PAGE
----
Collaborative study examines the common factors in presenteeism
(Canadian OH&S News) — Montreal’s Concordia University has collaborated with the University of East Anglia (UEA) in Norwich, England on a recent report dealing with “presenteeism”, or the phenomenon of workers who attend work but have difficulty contributing in terms of productivity.
Published on the website of the Journal of Occupational Health Psychology on Nov. 9, “Going to Work Ill: A Meta-Analysis of the Correlates of Presenteeism and a Dual-Path Model” compiled data from 61 studies of presenteeism and associated factors worldwide. The report found that job insecurity, high work demand and stress are among the most common reasons why people go to work when they are ill.
“There are a number of causes and correlates of this behaviour,” said study co-author Gary Johns, Ph.D., a management professor at Concordia’s John Molson School of Business. “Organizations that have extremely strict absence polices, essentially, if you can use the term, ‘force’ workers to show up when they’re ill. That could be no-paid sick leave or low-paid sick leave, or various kinds of trigger points that build additional punishment.” While such policies may reduce absenteeism, they do so at the expense of presenteeism, he said.
Dr. Johns added that job insecurity is another common factor, as today’s economy is rife with impermanent jobs and contract work. “The more people feel insecure about their job, the less inclined they are to take a day off sick,” he explained. “Attendance is one measure of how they might get more job security or go from part-time to full-time.”
People with financial difficulties are also more likely to go to work while ill, the report found. But Dr. Johns and his co-author, Dr. Mariella Miraglia from UEA’s Norwich Business School, found no correlation between presenteeism and lower pay scales.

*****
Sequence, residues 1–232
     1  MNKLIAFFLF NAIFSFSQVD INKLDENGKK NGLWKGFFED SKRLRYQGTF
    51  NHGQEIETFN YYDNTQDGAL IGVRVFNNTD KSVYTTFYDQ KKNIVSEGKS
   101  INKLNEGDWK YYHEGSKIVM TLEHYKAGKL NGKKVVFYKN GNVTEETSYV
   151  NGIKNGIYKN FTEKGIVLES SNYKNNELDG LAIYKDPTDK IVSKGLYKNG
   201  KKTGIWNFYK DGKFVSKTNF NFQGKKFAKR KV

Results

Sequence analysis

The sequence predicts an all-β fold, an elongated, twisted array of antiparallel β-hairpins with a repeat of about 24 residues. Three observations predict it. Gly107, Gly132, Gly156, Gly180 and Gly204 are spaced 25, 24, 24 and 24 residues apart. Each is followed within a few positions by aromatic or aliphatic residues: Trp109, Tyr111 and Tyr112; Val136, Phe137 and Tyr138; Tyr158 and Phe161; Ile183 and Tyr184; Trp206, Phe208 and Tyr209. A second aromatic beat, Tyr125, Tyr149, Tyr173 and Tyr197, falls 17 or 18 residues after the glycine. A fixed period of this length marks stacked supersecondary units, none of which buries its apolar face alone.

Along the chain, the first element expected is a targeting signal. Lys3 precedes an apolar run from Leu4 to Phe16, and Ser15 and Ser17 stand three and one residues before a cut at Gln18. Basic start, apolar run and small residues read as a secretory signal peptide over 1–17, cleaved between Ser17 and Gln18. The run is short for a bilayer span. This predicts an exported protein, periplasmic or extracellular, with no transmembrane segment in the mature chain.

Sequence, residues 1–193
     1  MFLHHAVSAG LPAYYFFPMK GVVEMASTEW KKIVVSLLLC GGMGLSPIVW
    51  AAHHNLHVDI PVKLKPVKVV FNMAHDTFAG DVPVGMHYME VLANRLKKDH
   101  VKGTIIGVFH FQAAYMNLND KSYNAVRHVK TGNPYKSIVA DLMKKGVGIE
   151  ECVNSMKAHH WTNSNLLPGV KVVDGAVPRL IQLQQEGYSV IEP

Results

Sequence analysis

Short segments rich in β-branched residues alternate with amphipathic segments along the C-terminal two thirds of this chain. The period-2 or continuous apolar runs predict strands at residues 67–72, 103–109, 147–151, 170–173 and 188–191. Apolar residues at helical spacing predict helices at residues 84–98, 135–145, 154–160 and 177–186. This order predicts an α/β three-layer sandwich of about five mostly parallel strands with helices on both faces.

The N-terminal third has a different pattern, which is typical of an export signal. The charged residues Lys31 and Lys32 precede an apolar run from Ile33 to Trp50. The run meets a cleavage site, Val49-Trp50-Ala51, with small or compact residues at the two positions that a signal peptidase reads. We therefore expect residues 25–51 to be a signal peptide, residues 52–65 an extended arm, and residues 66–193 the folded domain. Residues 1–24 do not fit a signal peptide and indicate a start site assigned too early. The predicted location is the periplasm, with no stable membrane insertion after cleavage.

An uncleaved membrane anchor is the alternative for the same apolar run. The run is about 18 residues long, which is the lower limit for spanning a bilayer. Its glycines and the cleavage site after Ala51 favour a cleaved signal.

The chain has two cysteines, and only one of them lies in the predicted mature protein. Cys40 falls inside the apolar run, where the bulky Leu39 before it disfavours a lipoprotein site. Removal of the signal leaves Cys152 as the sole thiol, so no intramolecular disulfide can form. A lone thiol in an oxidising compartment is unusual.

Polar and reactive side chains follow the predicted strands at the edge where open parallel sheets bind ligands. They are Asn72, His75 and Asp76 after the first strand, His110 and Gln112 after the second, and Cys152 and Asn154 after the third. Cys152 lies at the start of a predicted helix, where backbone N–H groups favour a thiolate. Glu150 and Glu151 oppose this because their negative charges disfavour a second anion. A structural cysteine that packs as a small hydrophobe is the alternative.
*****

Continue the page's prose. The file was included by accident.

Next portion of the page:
The study also noted more positive reasons why workers may attend work while sick. “People who are more committed to the organization, people who are more engaged with their work, people who are more satisfied with their jobs, these people are also more likely to report elevated presenteeism.”
Among the potential consequences of ill people attending work are reduced productivity, the spread of contagious diseases and safety issues due to inattention. Dr. Johns cited a past study that showed that pharmacists were more likely to commit errors when exhibiting presenteeism.
One of the problems of dealing with presenteeism is that it’s often hidden. “Absenteeism, we actually know it’s happening. You’re there or you’re not,” said Dr. Johns. “We don’t know exactly what the physical condition of our colleagues are, and so it requires a little more finesse.” But employers could begin by recognizing that the concept exists and devising policies involving it.
“We need also to empower first-line managers to kind of be aware of this phenomenon and empower them to have some voice about talking with employees about this,” said Dr. Johns. “If somebody has some lower back pain, somebody has a migraine or whatever, if we actually know about this, we can often accommodate this in certain ways. Some employees who don’t normally work from home might be able to work from home for a day when they’re exhibiting symptoms.”
“Going to Work Ill” can be accessed online for US$11.95 at http://psycnet.apa.org/?&fa=main.doiLanding&doi=10.1037/ocp0000015.